I don't want to stay ignorant. I want to learn and think and communicate. One of the best tools to achieve this goal is through writing. Writing is crucial in learning and studying. By writing, I demonstrate what I have learned. By writing, I show how to think critically and develop ideas. However, writing on a blank screen or sheet of paper is daunting. To manage this problem, I need to find another way.

I adopted a note-taking method called the Zettelkasten. With this method, I can write small atomic notes on a subject instead of facing a blank screen every time I want to write. And then, I connect those notes through links. Later, if I want to write a larger piece of writing like a blog post, I simply use this pool of notes.

I have talked about how I take notes in more detail in the previous post. The goal of all these tools is to help me write a plain-text file that holds my ideas and knowledge. There are three key components, a notebook to take quick notes, The Archive to add and edit notes, and Zotero to keep reference. These three I use every day. Other tools are there to help me clarify my understanding or help me see the bigger picture or spot connections. But after I have a clear picture, they all go into a plain-text file.

This is the note-taking system that helps me grow. It is what I am using to learn and think. Every day, I learn something new, think about it, and turn them into notes. When I want to write a larger writing piece, I look into the system, string together several notes, and make a piece of writing.

Collect and curate content

Good ideas are not conjured out of thin air; they are built out of a collection of existing parts, the composition of which expands (and, occasionally, contracts) over time. -- Steven Johnson. Where Good Ideas Come From.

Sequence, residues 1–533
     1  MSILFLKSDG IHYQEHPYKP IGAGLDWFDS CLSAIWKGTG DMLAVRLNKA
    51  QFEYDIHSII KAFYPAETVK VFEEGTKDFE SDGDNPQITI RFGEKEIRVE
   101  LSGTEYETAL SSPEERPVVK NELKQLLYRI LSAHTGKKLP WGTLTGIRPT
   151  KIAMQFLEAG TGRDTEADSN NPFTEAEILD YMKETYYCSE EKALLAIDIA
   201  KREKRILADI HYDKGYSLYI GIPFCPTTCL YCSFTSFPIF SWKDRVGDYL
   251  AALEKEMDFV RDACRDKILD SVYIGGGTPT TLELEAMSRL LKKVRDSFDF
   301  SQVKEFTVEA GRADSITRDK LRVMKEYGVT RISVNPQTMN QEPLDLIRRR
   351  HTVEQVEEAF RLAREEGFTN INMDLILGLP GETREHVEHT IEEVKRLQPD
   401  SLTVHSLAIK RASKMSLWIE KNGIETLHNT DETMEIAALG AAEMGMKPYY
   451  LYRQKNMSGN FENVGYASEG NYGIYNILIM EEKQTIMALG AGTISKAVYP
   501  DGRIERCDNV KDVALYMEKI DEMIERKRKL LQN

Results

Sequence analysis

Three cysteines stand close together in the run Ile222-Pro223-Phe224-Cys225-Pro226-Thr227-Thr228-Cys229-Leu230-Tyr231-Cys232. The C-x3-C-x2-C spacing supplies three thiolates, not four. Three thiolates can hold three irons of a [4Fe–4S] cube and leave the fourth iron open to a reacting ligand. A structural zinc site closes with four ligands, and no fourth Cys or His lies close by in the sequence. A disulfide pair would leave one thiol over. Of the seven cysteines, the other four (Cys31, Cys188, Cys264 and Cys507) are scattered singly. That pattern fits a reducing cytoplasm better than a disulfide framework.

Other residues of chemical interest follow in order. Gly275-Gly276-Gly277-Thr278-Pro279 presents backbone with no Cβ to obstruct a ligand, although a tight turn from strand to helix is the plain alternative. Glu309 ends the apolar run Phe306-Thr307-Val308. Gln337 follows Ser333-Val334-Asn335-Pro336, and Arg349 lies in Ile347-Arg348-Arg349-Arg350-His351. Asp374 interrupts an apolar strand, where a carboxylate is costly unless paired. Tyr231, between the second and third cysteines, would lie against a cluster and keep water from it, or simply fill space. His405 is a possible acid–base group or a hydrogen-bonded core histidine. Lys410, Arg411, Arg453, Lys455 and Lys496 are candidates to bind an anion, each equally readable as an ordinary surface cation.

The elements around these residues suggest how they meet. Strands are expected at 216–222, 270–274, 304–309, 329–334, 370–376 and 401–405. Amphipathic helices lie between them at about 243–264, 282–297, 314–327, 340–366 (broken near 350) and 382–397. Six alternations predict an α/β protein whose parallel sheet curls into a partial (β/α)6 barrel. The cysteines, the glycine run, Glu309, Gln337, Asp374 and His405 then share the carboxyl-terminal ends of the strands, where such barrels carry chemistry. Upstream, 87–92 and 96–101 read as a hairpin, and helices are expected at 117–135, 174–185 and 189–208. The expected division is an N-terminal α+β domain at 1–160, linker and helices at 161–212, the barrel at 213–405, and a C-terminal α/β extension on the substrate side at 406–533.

I consume a lot of content. I watch videos, read blog posts, and listen to a podcast. Most of those content I quickly forget. Granted, some of this content is not worth a second thought, but I also forget about the good one. I tried to use the bookmark tool and read-later app. Those tools do help me collect and manage content. But all said and done, it is still one mindless consumption activity. This is when I learn about content curation.

Content curation is the process of sifting through content and organizing, filtering, and making sense of it. It is a process that turns information into knowledge. It forces you to judge and organize the resources. Organizing content pushes you to establish connections between sources and identify areas of synthesis. The entire process encourages critical thinking and allows you to engage these sources mindfully.

At the moment, I am using RaindropIO and Notion. I use RaindropIO to collect and curate books, blog posts, design pieces, visualization, diagrams, learning curriculum, my favorite books of all time, expert directories, and galleries. It is my go-to tool for collecting content. Before RainDropIO, I used PinBoard and Instapaper. But I have moved over to RaindropIO.

I use Notion to create lists, tables, and databases. Notion is a pretty unique piece of software. It can practically do anything, but I only use it to curate things that require manual insertion when adding an entry. For instance, I curate programming problems in a table, add category and give them tags.

Using both these tools, I can collect and manage a crazy amount of information. And I am not just collecting; I am actually curating, turning information into knowledge through mindful consumption.